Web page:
Limited Availability

     Sadly, due to the small size of the comics market, as well as the availability of online options, not all towns have a brick and mortar stores. The actual number of physical comic book stores has been declining since the 90s, and while it’s not as bad as it once was, often smaller towns and cities will be lucky to have a single store dedicated to comic books. If that’s the case, Chapters, Barnes & Noble, or your local bookstore might be your only merchant option. If that doesn’t appeal to you, you can always turn to the internet.

Online

     Did you know you can buy things online and have them delivered right to your door? No walking, outdoors, or human interaction required? What an age we live in!
     So, yes, you can buy physical copies of comics from the internet. The biggest seller of comic books online is, of course, Amazon. Amazon is an enormous multi-national online corporation with all of the trappings that come with that status. However, even Amazon doesn’t cover what most brick and mortar stores do. Like big box bookstores, they mostly carry trade paperbacks, and individual issues are practically nonexistent. Even their selection can be limited in regards to collected editions; bigger companies like Marvel and DC generally tend to stock better than smaller indie comics.

Digital Formats – Get it Right Now.

     Let’s take a look at digital comics. The best part about digital comics is, unlike physical copies, they are available pretty much all the time; scarcity isn’t ever an issue because they are easily duplicated. Collected editions or individual issues are available at the touch of a button. And you can read them from the moment you buy them. Of course, to read digital comics you’ll need, at minimum, a computer and an internet connection. A smart phone or tablet also helps; but neither is required.

ComiXology: The Big One

     The biggest dedicated provider of Digital Comics is ComiXology. They have a website, an App for Smartphones and Tablets, and pretty much offer any comic available in print form as digital, plus many digital exclusives. Most Company-Exclusive Comic Apps like Marvel and DC still use ComiXology’s platform. Calling them the Comics equivalent of Amazon is accurate, especially considering they were recently bought by Amazon. This created a bit of a stir, as it meant that all iOS ComiXology Apps went the way of Kindle, no longer allowing users to make in-app purchases. I won’t get into the details here, but suffice to say if you are an Apple device user, you won’t be able to buy any comics off the ComiXology App; you’ll have to go to their website.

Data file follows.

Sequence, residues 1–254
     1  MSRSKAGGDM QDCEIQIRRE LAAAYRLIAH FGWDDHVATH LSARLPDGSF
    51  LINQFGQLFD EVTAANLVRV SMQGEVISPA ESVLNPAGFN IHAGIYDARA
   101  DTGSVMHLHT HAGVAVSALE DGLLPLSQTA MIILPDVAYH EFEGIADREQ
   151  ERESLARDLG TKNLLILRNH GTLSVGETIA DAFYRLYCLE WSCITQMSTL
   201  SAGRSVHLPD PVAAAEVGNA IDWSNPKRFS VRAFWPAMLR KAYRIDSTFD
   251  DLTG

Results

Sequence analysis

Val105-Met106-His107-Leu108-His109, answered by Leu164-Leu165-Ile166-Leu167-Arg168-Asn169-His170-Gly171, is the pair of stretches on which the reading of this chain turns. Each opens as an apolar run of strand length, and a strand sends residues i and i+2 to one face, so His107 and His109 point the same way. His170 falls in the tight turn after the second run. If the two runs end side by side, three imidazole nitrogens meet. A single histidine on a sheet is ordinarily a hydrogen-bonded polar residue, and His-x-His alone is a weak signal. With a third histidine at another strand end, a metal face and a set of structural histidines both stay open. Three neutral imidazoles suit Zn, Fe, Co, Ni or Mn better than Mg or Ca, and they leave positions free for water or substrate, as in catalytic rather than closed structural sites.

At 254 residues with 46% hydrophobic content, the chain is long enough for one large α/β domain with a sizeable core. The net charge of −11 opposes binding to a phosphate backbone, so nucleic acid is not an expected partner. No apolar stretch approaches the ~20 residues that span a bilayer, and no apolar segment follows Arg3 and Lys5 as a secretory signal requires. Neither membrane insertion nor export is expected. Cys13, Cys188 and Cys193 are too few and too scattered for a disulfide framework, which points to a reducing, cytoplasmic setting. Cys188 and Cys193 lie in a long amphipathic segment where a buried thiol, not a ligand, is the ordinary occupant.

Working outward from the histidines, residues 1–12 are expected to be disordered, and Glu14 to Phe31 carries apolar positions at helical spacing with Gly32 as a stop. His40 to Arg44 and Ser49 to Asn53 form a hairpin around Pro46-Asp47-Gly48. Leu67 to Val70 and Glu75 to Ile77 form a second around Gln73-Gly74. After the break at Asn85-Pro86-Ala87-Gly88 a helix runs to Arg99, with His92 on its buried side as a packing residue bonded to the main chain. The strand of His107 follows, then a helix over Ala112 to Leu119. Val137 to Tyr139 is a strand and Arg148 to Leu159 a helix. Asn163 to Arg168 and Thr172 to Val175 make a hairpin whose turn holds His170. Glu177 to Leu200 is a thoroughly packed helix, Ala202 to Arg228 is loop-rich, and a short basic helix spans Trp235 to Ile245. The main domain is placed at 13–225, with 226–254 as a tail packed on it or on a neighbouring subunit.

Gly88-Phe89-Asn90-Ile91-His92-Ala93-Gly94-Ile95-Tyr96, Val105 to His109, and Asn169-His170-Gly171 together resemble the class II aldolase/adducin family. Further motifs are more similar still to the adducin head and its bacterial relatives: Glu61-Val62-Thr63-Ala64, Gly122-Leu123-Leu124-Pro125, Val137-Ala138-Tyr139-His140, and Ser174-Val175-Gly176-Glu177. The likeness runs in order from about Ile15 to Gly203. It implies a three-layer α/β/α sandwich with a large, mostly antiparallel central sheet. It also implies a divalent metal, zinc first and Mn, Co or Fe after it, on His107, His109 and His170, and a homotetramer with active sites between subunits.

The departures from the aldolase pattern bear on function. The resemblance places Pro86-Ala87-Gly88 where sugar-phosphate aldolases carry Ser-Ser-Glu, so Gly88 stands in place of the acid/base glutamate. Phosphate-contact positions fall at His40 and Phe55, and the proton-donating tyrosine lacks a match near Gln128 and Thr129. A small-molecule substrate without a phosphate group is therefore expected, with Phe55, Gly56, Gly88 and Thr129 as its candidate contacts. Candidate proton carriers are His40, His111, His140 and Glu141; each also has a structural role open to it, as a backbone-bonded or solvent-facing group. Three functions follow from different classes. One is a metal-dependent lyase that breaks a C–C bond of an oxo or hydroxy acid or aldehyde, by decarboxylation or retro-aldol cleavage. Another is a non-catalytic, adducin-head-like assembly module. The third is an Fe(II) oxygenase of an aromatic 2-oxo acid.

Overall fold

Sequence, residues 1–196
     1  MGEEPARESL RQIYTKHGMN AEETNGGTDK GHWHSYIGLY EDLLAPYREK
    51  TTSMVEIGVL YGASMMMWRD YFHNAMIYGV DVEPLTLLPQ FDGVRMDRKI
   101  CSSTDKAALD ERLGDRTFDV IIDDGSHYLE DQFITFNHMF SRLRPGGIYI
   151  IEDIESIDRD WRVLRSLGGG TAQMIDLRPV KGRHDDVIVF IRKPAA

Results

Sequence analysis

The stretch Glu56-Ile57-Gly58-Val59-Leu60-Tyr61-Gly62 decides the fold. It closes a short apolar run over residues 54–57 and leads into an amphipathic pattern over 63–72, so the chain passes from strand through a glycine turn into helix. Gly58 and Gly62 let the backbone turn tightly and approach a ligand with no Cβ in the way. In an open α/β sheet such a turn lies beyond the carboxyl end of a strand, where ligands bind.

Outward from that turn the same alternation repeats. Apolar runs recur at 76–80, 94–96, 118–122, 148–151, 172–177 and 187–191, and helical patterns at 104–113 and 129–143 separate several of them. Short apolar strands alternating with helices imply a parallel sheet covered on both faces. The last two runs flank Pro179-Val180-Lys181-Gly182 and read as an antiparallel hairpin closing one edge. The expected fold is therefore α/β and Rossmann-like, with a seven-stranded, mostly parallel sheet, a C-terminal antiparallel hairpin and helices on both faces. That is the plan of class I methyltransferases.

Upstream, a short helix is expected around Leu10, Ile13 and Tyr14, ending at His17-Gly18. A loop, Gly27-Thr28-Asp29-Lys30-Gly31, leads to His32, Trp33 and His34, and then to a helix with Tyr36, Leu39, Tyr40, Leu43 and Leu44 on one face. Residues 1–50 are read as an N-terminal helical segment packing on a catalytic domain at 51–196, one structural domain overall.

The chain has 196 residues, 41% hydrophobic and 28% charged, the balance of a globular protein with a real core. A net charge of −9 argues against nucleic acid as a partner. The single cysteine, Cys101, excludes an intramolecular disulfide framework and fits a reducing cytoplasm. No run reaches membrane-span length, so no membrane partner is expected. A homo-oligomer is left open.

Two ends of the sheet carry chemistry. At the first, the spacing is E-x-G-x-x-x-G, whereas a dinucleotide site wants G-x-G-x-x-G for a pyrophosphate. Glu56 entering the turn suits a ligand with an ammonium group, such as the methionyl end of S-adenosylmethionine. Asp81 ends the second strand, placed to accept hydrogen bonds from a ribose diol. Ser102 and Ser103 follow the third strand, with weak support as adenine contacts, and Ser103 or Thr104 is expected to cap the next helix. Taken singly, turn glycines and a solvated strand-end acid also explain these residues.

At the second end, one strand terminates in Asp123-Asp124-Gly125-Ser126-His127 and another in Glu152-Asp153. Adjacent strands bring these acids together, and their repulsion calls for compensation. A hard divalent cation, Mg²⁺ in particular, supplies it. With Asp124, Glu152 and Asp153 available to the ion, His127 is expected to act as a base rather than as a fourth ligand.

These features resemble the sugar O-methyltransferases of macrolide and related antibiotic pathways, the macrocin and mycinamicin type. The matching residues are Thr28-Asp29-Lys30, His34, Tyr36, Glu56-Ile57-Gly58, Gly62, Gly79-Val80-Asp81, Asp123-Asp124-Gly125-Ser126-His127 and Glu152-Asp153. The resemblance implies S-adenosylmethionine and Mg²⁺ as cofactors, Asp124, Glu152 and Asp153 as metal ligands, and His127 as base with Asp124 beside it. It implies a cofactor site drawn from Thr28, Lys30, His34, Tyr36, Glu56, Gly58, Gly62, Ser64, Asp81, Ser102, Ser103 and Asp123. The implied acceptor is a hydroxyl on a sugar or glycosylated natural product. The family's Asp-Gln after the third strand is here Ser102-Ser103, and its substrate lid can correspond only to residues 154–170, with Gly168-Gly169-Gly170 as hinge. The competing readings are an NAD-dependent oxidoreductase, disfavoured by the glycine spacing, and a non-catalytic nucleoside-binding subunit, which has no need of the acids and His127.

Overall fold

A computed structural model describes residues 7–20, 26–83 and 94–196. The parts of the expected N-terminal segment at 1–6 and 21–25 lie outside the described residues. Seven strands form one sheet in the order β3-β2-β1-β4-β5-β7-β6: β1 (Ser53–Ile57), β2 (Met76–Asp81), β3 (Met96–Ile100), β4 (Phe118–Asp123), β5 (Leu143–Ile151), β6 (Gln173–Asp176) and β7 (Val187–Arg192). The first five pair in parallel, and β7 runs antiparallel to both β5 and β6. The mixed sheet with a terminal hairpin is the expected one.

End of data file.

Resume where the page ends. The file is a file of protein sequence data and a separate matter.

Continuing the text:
Full disclosure: I have an iPhone and I use ComiXology. It’s my method of digital comics reading. I don’t particularly like not being able to make in-app purchases, but it’s probably been better for my budget since impulse buys are harder to make.
     
What else is there?
     
     Many comic book companies have their own separate digital comics App, but again, most of these are based off the ComiXology platform. They also limit you to only that company’s titles, while the ComiXology App itself doesn’t. The only exception to this is Dark Horse Comics, who are not on ComiXology at all, and have their own app which is still very similar to Comixology. There is also Graphic.ly, but they recently transitioned to cover more than just comics. Still, it is a viable alternative to ComiXology. They also boast a very active social community – which is great if you’d like to engage with a community of both readers and artists. 
     Marvel Comics also offers its Marvel Unlimited, which is very different from most other services. It allows you access to a large number of Marvel Comic Books for a flat fee. While I haven’t tried it, it seems like a great way to get into Marvel Comics and be able to read what you like, but the cost of $10/Month (Cheaper if you subscribe annually) is probably better if you’re going to spend a lot of time specifically reading Marvel Comics.

Crossing the Streams

     I myself get both Digital and Physical Comic books. Marvel Comics offers a free digital download with most of their physical titles. It’s good for people who want to have a physical copy but are intrigued by digital, or who will share the physical copy with friends – something you can’t do easily with digital. Another way is to buy the individual issue as a digital copy, then buy the collected edition when it comes out. Obviously that means you’re spending money twice for the same comic, but then you have both. Some comics are digital-only too, and a few physical indie comics aren’t yet available digitally. Whatever you decide, you now have plenty of options to head out and buy comics! So go forth, nerds, and SPEND!

     If you’re now ready to go out and buy, but not sure what you want to buy yet, stay tuned for Part 3 of the Comics Casual: Where You Should Start.